Colorado’s Grand Valley on the Western Slope is one of the state’s two federally designated grape growing regions, where wine grapes thrive at high elevation for many of the state’s 150-plus wineries.
Boulder’s four wineries and tasting rooms — BookCliff Vineyards, Settembre Cellars, Silver Vines Winery and Vinnie Fera Wine — all source grapes from this region. But only BookCliff has its own vineyard there.
John Garlich and Ulla Merz, who met at CU Boulder, bought BookCliff in the eastern Grand Valley in 1995, after taking springtime trips to Moab, Utah that passed through Colorado’s wine country.
BookCliff today sprawls across 40 acres in the town of Palisade at the southern mouth of De Beque Canyon, where the Colorado River runs through. Grapes grow best near rivers, which regulate temperature, and when cool air (in this case, from the canyon) drains down into lower land, reducing the risk of frost.
“It’s the million-dollar wind right in there,” Merz said of the canyon’s breeze that falls directly on their vineyard.
There, BookCliff grows 14 grape varietals and produces more than 5,000 cases yearly — or roughly 12,000 gallons of wine. For any major wine-growing state, that would be a minuscule fraction of production.
But Colorado’s wine industry is small — stunted in part by climate-fueled drought, extreme weather and a shrinking Colorado River. The state now produces about 550,000 gallons each year (compared to California’s 780 million gallons). Despite rough growing years, BookCliff has persisted by doubling down on its consumer focus and introducing new grapes to Colorado, it says.
The vineyard endured a severe freeze in October 2020, which killed most of its grapevine buds.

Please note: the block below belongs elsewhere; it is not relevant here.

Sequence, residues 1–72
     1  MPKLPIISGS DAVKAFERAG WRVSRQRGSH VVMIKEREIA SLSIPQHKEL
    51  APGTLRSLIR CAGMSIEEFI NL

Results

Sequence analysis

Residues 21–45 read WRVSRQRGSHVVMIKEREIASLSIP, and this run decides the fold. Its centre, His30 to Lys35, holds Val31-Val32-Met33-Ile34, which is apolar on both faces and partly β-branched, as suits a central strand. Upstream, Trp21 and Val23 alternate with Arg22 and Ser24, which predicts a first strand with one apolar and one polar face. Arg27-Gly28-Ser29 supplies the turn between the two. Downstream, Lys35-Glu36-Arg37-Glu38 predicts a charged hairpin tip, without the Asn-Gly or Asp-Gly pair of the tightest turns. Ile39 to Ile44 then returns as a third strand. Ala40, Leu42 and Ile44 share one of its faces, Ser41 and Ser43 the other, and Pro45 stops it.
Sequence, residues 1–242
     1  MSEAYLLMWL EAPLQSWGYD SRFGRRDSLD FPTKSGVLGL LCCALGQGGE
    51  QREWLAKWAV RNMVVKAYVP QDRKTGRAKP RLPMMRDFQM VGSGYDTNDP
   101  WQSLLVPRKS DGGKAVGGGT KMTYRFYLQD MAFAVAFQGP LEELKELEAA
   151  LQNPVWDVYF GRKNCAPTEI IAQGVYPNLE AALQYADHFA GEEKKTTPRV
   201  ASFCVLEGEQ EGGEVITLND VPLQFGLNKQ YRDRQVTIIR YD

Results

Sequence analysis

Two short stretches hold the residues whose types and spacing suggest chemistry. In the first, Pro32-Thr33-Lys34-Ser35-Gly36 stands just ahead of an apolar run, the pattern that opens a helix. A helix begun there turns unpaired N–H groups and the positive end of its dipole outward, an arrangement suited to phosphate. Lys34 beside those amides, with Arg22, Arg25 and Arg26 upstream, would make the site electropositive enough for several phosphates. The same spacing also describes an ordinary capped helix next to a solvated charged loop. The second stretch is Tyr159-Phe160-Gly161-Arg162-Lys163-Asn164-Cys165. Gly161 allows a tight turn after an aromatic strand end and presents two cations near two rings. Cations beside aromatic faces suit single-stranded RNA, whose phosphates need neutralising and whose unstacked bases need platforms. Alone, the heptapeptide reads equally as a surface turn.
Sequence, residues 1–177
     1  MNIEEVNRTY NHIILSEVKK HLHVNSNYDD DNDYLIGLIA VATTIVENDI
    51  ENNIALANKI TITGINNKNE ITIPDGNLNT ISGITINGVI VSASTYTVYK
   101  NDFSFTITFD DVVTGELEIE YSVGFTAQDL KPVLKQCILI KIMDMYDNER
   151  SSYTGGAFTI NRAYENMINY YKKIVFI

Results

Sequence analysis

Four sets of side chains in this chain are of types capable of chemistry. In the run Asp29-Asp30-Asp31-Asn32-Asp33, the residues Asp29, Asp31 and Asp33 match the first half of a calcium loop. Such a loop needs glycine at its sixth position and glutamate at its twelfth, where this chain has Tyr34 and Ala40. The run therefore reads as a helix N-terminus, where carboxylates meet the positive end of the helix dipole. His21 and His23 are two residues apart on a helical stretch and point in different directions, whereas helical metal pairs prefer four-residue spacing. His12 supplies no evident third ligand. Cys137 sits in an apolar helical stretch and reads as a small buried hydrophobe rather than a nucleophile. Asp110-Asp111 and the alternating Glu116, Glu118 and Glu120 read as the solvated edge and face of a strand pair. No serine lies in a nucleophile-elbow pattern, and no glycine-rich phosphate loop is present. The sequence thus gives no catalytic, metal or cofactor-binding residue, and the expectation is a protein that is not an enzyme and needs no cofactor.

“We didn’t have a crop in ‘21,” Garlich said. “We were just training the vines back up from the ground.”
Growing BookCliff: Basement wine-making
Before buying BookCliff Vineyard, wine lovers Garlich and Merz attempted to grow grapes in their Boulder backyard — and struggled.
There’s a reason there are no vineyards on the Front Range: It’s typically 10 degrees colder on the east side of the Rocky Mountains than the Western Slope, where most of Colorado’s wine grapes are grown. Still, there have been native grapevines around Boulder for centuries.
“No doubt people did make wine out of the native grapes,” said Doug Caskey, executive director of the Colorado Wine Industry Development Board. Grapes harvested on the Front Range were likely made into small-batch wine for friends and family, before Colorado’s liquor licensing was codified in 1935.
By 1996, Garlich and Merz were commuting to their vineyard from Boulder on weekends to plant grapevines, first on six acres, while working respectively as a structural engineer and in software development during the week. They cultivated an additional two acres every year after that.
In the basement of their Boulder home, the couple crushed grapes and bottled their first batch of wine in 1998. They sold about 2,000 cases, or 4,500 gallons of wine, that year and for a few years after.
As BookCliff Vineyards grew, Garlich and Merz purchased a neighboring parcel of land in Palisade and expanded sales from local farmers markets to liquor stores and restaurants. The couple opened their current winery on Boulder’s Lee Hill Drive in 2008 and moved on from basement wine-making. They added a tasting room to the Boulder winery the following year.